17. AIEngine is a packet inspection engine with capabilities of learning without any human intervention. AIEngine helps network/security profesionals to identify traffic and develop signatures for use them on NIDS, Firewalls, Traffic classifiers and so on. Using AIEngine To use AIEngine just execute the binary aiengine: luis@luis-xps:~/c++/aiengine/src$ ./aiengine -h iaengine 0.1 Mandatory arguments: -I [ --interface ] arg Sets the network interface. -P [ --pcapfile ] arg Sets the pcap file. Link Layer optional arguments: -q [ --tag ] arg Selects the tag type of the ethernet layer (vlan,mpls). TCP optional arguments: -t [ --tcp-flows ] arg (=32768) Sets the number of TCP flows on the pool. UDP optional arguments: -u [ --udp-flows ] arg (=16384) Sets the number of UDP flows on the pool. Signature optional arguments: -R [ --enable-signatures ] Enables the Signature engine. -r [ --regex ] arg (=.*) Sets the regex for evaluate agains the flows. -c [ --flow-class ] arg (=all) Uses tcp, udp or all for matches the signature on the flows. Frequencies optional arguments: -F [ --enable-frequencies ] Enables the Frequency engine. -g [ --group-by ] arg (=dst-port) Groups frequencies by src-ip,dst-ip,src-por t and dst-port. -f [ --flow-type ] arg (=tcp) Uses tcp or udp flows. -L [ --enable-learner ] Enables the Learner engine. -k [ --key-learner ] arg (=80) Sets the key for the Learner engine. Optional arguments: -k [ --stack ] arg (=lan) Sets the network stack (lan,mobile). -d [ --dumpflows ] Dump the flows to stdout. -s [ --statistics ] arg (=0) Show statistics of the network stack. -p [ --pstatistics ] Show statistics of the process. -h [ --help ] Show help. -v [ --version ] Show version string. Integrating AIEngine with other systems AIEngine have a python module in order to be more flexible in terms of integration with other systems and functionalities. The main objects that the python module provide are the followin. Check the wiki pages in order to have more examples. Flow |---> getDestinationAddress |---> getDestinationPort |---> getFrequencies |---> getHTTPHost |---> getHTTPUserAgent |---> getPacketFrequencies |---> getProtocol |---> getSourceAddress |---> getSourcePort |---> getTotalBytes |---> getTotalPackets |---> getTotalPacketsLayer7 FlowManager Frequencies |---> getDispersion |---> getEnthropy |---> getFrequenciesString HTTPHost HTTPUserAgent LearnerEngine |---> agregateFlows |---> compute |---> getRegularExpression |---> getTotalFlowsProcess NetworkStack |---> enableFrequencyEngine |---> enableLinkLayerTagging |---> getTCPFlowManager |---> getUDPFlowManager |---> printFlows |---> setStatisticsLevel |---> setTCPSignatureManager |---> setTotalTCPFlows |---> setTotalUDPFlows |---> setUDPSignatureManager PacketDispatcher |---> closeDevice |---> closePcapFile |---> openDevice |---> openPcapFile |---> run |---> runPcap |---> setStack PacketFrequencies |---> getPacketFrequenciesString Signature |---> getExpression |---> getMatchs |---> getName SignatureManager |---> addSignature StackLan |---> enableFrequencyEngine |---> enableLinkLayerTagging |---> getTCPFlowManager |---> getUDPFlowManager |---> printFlows |---> setStatisticsLevel |---> setTCPSignatureManager |---> setTotalTCPFlows |---> setTotalUDPFlows |---> setUDPSignatureManager StackMobile |---> enableFrequencyEngine |---> enableLinkLayerTagging |---> getTCPFlowManager |---> getUDPFlowManager |---> printFlows |---> setStatisticsLevel |---> setTCPSignatureManager |---> setTotalTCPFlows |---> setTotalUDPFlows |---> setUDPSignatureManager Compile AIEngine $ git clone git://bitbucket.com/camp0/aiengine $ ./autogen.sh $ ./configure $ make Contributing to AIEngine AIEngine is under the terms of GPLv2 and is under develop. Check out the AIEngine source with $ git clone git://bitbucket.com/camp0/aiengine https://bitbucket.org/camp0/aiengine/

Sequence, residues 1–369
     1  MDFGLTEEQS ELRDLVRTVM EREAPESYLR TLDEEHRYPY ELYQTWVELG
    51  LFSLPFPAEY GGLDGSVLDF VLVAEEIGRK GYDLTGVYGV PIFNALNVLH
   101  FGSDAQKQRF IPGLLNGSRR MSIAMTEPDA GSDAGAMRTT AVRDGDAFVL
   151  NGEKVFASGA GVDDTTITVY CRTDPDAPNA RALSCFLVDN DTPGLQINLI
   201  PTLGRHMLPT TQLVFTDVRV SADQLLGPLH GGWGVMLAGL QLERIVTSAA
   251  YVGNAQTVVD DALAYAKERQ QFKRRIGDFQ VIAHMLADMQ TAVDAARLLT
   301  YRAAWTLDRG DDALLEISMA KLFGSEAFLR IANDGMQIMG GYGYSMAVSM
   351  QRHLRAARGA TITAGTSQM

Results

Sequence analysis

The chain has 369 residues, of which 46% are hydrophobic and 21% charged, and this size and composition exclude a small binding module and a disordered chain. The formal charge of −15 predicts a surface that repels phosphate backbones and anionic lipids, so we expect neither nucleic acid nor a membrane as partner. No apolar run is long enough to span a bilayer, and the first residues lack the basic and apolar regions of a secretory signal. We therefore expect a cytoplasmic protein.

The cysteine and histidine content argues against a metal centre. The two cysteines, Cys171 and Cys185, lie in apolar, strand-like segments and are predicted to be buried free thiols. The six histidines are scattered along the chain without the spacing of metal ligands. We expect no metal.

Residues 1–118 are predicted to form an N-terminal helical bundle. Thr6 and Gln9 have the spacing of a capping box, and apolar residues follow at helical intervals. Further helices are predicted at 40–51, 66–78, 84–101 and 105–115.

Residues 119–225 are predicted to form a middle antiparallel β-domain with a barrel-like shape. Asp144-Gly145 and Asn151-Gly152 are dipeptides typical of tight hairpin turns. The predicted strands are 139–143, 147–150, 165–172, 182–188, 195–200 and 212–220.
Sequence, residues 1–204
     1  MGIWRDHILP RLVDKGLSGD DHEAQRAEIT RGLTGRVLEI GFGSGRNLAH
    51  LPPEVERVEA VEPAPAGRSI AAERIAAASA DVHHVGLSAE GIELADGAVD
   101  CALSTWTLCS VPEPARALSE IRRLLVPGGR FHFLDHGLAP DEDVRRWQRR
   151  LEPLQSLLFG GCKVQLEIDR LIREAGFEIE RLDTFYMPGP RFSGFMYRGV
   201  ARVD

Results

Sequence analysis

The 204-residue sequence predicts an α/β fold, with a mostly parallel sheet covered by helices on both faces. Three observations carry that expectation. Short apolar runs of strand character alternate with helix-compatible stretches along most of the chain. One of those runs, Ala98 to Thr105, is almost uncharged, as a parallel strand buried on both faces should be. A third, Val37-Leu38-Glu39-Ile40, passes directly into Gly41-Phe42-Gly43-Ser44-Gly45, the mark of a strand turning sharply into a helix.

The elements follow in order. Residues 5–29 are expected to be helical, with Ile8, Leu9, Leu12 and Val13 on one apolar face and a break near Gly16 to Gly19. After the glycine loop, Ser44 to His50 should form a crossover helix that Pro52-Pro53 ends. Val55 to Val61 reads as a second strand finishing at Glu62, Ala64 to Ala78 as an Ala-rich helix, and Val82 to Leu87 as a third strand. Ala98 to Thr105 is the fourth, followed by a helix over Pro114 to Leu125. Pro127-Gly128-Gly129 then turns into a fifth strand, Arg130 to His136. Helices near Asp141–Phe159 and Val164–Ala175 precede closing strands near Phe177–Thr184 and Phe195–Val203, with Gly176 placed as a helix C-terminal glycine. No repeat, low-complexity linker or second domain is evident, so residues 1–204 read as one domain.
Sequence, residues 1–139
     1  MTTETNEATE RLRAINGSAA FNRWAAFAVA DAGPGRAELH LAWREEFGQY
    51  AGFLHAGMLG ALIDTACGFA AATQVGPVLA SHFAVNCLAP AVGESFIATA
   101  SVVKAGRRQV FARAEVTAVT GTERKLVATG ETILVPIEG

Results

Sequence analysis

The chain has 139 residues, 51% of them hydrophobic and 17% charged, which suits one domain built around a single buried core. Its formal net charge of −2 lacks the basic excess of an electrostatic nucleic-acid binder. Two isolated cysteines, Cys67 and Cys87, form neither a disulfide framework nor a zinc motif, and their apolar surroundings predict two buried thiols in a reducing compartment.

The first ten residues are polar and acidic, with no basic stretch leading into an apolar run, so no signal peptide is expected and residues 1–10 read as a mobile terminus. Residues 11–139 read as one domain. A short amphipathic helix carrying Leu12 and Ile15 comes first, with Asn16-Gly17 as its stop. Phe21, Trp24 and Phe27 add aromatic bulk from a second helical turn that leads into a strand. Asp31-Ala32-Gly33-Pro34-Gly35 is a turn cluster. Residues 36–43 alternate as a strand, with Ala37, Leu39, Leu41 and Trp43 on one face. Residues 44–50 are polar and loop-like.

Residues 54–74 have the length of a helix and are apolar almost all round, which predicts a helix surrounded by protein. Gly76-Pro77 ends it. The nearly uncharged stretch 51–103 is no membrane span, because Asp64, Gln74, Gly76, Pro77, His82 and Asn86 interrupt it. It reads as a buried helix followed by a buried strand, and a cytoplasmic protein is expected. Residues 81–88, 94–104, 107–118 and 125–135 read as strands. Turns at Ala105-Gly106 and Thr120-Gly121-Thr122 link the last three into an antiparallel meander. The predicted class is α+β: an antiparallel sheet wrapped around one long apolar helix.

18. Salut, m`am apucat de SEO, nu stiu multe..is cam 10% ce stiu insa ca orice lucru de succes are nevoie de un brand..partea asta am rezolvato cat de cat, apoi e nevoie de trafic..pt inceput las asta in baza retelor de socializare. Planul meu e urmatorul : research > site > continut > brand > spam > backlinkuri > spam > spam cum imi place sa automatizez totul am reusit in mare parte sa automatizez partea de brand [dupa multe ore nedormite]: in urma testului : facebook: profil => https://www.facebook.com/monica.patrunjel pagina => https://www.facebook.com/pages/Tigancaseo/626457560711739?ref=hl twitter: https://twitter.com/Tigancaseo Tumblr: Untitled Youtube: Monica Patrunjel - YouTube Cand am sa postez pe site o sa se posteze automat si pe retele de mai sus cu un link catre postul respectiv Urmeaza sa automatizez partea de spam [sunt pe la 40%], vreau sa fac boti [femei sexy] sa adune prieteni pe fb, twitter, tumblr, etc [sa dea likeuri, fallow, etc] si intr`un final sa`i trimit pe site sau paginile oficiale. Iar la partea cu backlinkuri am sa ma folosesc de senuke pt tier2,3,4 iar pt tier1 am sa fac un bot sa urmareasca forumuri in nisa pe care o aleg si sa faca posturi timp de 1 sapt [gen cum fac "botii" reali] si sa pun site`ul in semnatura...si in final spam prin pm la un post interesant de pe site. Am facut topicul ca sa`mi dati sugestii si sa ma motivez sau poate cine stie iese un fel de "cafenea de seo" pt incepatori [asta urmaresc] si sa "crestem original" prin teste si provocari. //si pt youtube am sa fac channel art`ul in care o sa fie link`ul catre site..
  19. Dupa cum si titlul ii spune, vand script similar cu cel de pe WTA, GTop, sau WTStats.com, acesta fiind un script de analiza si statistica trafic web. Ce face scriptul? Monitorizeaza traficul site-urilor inscrise, atat vizitele unice cat si afisarile, tot odata ofera detalii despre urmatoarele: - Browsere (top 10 cele mai folosite browsere - poate fi schimbat cu mai mult sau mai putin) - Tari - arata din ce tara intra cei mai multi vizitatori (vine impreuna cu un chart prin Google API) - Sisteme de Operare - Top sisteme de operare - Cei mai buni referreri - Arata ce site este cel mai bun referrer - Cele mai folosite rezolutii - Top 10 rezolutii folosite de vizitatori - Ultimii 10 vizitatori - Arata ultimii 10 vizitatori care au accesat site-ul, incluzant browserul, sistemul de operare, rezolutia, referrer-ul, ora si data la care vizitatorul a intrat. - Cele mai bune cuvinte cheie - Afiseaza cele mai bune cuvinte cheie prin care vizitatorul ajunge pe site-ul monitorizat. (din SE) Scriptul este foarte flexibil, cam toate din cele mai sus pot fi printate pe charturi. "Features": - Inregistrare cu reCaptcha - Statistici private pentru userii inscrisi (toate statisticile pot fi facute private) - JqueryUI integrat in tema care o dau default, eu vand scriptul nu tema insa acesta vine cu o tema asemanatoare cu cea de pe livestats.ro - Imagini multiple - Puteti pune cate imagini doriti in panoul userului, prin imagine se intelege codul care apare pe site-ul utilizatorul impreuna cu o imagine. (culori diferite and all that stuff). Instalare: Include pasi de instalare, o pot face eu pentru un fee de 3e (euro). Support: Ofer support pentru script doar in cazul in care acesta nu este modificat de la starea lui initala, daca este modificat va priveste. Accept plata doar prin PayPal, pretul este 5e (euro) Scriptul poate fi cumparat de aici WTstats Script iar demo-ul este aici: Demo